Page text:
One of THOSE days

I struggle living in the country, but I didn’t grow up here, I married to be living here. Most of the days are great but with drought brings a whole new load of challenges, ones that only those who live it can relate to and survive it.

It brings with it challenges one has never thought about, when we see dust storms in Adelaide or capital cities one never thinks about where the dust comes from do we? When we see them in places like Birdsville, the United Arab Emirates we know they come from the deserts. When we see one in Adelaide where does it come from? sadly it likely to be the top soil of a or many farmers paddocks. This is caused by lack of rain, soil erosion and lack of growth on the ground, so when the wind blows so too does the top layer.

When I drive around the country at the moment this is happening in most paddocks where there is no pivot or naturally occurring grasses that have grown over summer, contrary to the climate change people, it is not new it has been happening for as long as time itself. The ground is dry, brown and in need of a decent rainfall.

Why do they call it a dust storm when it really is a dirt storm? I have no idea but on the days when the dirt blows it unsettles the animals, farmer and the environment in which one lives. It can turn a rational outdoorsy farmer into a brooding inside man in an instant. Luckily these days are few and far between.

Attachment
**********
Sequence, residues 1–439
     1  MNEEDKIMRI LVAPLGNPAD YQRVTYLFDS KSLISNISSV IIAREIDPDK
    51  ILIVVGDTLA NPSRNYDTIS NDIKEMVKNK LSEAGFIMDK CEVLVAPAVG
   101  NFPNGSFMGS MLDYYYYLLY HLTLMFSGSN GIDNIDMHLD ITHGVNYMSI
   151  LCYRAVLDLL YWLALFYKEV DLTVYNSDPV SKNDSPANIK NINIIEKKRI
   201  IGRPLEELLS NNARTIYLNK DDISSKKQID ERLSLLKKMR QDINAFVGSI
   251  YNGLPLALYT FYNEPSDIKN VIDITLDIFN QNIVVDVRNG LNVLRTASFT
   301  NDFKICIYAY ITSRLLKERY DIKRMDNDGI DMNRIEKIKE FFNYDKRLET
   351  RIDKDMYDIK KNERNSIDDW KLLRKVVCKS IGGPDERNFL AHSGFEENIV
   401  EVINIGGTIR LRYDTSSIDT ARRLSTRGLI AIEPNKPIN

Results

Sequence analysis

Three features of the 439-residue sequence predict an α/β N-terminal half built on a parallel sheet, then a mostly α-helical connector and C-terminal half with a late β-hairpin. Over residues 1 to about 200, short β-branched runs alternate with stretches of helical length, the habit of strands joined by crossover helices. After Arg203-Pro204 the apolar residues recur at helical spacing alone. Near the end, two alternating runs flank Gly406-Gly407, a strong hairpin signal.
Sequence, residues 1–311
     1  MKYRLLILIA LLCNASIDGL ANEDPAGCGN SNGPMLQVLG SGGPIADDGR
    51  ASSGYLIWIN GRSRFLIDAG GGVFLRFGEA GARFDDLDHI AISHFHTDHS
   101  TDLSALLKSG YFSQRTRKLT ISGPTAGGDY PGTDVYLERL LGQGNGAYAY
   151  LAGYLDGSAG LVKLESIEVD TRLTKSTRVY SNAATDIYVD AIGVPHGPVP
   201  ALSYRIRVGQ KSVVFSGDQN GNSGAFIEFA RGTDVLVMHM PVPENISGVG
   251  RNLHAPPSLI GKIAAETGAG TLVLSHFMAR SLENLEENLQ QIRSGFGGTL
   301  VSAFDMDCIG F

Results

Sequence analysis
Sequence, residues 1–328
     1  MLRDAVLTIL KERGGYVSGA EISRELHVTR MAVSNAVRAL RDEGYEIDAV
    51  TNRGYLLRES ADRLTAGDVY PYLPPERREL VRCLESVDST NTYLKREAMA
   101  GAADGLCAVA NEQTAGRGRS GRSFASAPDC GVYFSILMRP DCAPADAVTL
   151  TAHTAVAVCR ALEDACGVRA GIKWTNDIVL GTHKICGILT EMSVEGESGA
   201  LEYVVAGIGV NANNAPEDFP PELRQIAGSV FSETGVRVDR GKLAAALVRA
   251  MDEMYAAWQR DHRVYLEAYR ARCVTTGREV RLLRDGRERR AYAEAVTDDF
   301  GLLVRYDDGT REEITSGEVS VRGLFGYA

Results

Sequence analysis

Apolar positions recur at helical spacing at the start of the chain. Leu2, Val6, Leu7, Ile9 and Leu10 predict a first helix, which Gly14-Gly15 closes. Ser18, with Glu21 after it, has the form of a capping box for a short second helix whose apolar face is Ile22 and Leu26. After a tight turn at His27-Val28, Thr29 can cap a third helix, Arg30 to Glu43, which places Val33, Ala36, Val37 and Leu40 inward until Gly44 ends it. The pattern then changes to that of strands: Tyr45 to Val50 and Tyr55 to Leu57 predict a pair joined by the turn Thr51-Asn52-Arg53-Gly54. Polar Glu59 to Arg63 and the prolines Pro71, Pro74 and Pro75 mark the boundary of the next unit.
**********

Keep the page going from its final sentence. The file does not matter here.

When it comes to achieving anything on one of these days it is next to impossible. We have satellite TV which can flicker in and out as the wind blows and rocks the dish. We also have satellite broadband which is slow and almost useless when the wind blows or if we have gone over our allowance, we will be shaped – which means slowed to a stop until the next billing cycle.

On the days when it’s like that farmers still have to go out and check stock, waters and find jobs. Mine is good at indoor things, identifying jobs,┬ádoing them and then pointing out he has done it.

We have been without an oven door for three or more weeks, one of the hinges broke, he went to fix it and I called the supplier and they offered to send a new door with new hinges attached. This was generous of them as I discovered my old oven door was in multiple pieces. It came the other day by post so the farmer went about putting it back on, he asked how I clean the metal wire components inside. I told him I do them in the laundry sink, saves on mess and I can leave them soak. The next thing I hear is the sound of an angle grinder going.

Unable to find steel wool to clean it, he went to the shed put the wire brush on the angle grinder and came in and did the oven wires racks. I walked past him in the laundry and didn’t say a word, I couldn’t. He also has ruined a toe nail from years ago when he dropped an engine on his toe (lucky it missed most of it or it would have amputated the toe) But it killed the nail bed so it grows up instead of out and when it’s too sore for his boots he grinds it down, I know, ┬áthere has been the occasion where he has taken skin off but I figure at 50 he’s a grown man and if he doesn’t want to see a podiatrist I can’t make him. If he amputates the toe, then he really only has himself to blame. They can think outside the square these farmers and have solutions one wouldn’t dream of.